“Strength to Follow the Lord,” Friend, June 2009, 8–9
Friend to Friend
Strength to Follow the Lord
From an interview with Elder Claudio D. Zivic of the Seventy, currently serving in the South America South Area Presidency; by Sarah Cutler
I, the Lord, … delight to honor those who serve me in righteousness and in truth (D&C 76:5).
Running was one of my favorite activities when I was young. I was on the track and field team, and my specialty was the 800-meter dash. That meant I ran two laps around the track.
My dream was to be in the Olympics. My trainer had been an Olympic athlete. He thought I was talented enough to go to the Olympics if I practiced hard.
I practiced a lot and ran in many races. When I was 15, I was the second-place champion for my category in the whole country of Argentina. I hoped that if I continued working, perhaps I could go to the Olympics.
But there was a problem. Often our races were on Sunday. Soon I realized that I could not continue competing. So I chose to stop running.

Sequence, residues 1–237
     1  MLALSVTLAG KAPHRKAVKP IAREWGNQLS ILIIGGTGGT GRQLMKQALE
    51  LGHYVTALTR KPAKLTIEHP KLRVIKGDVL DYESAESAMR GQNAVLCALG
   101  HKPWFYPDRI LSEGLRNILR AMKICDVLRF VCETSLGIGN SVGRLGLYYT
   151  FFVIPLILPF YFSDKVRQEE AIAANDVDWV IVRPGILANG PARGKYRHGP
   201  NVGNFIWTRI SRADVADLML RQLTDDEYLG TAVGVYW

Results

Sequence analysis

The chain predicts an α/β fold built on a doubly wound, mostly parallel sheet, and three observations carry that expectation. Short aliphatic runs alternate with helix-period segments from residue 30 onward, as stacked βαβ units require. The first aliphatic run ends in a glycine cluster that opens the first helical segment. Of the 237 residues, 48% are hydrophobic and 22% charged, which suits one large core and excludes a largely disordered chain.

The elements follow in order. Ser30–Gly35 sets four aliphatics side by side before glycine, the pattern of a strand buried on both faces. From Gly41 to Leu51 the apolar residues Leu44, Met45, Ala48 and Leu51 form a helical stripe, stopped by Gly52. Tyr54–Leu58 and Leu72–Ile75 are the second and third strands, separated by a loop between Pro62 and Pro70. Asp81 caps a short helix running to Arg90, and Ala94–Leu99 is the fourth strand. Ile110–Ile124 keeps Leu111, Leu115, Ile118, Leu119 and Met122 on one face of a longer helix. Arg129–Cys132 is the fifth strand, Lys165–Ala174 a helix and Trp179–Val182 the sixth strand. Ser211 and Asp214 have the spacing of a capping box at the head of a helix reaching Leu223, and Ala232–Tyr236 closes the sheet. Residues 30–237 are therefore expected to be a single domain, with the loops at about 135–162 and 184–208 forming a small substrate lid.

The choice was hard. I had to give up my dream of being in the Olympics. My trainer didn’t understand why I stopped. But I knew I had made a good decision. Even though sports are a good thing, choosing to follow the Lord and His Church is better.
Later, while I was serving in the military, I was sent to a regiment (a military unit) near the Andes Mountains. When I received my assignment, I felt that the Lord had something special for me to do there. I prayed a lot, asking, “What is my purpose here?”
After I had been there three months, our officer said, “I want to organize a club for the soldiers.” He wanted a place for us to read, listen to music, play games, write letters, and rest. The Holy Ghost helped me know that this was what the Lord wanted me to do. I was asked to be the club president. Getting the club ready was a lot of work. We painted and furnished a building to meet in.
At the club’s opening ceremony, I was asked to talk in front of the officers and soldiers. I had the opportunity to share my testimony of the gospel and my feelings about the Church with many of the soldiers who did not live the standards of the gospel. They all knew I was a “Mormon boy” who lived my standards. I didn’t do the things they did, but they respected me. The officers respected me too. One of them said to me, “I admire you for your standards.”
Never be afraid to tell people what you believe in and what your standards are. You don’t need to hide who you are. I know the Lord will bless you when you are courageous enough to follow Him.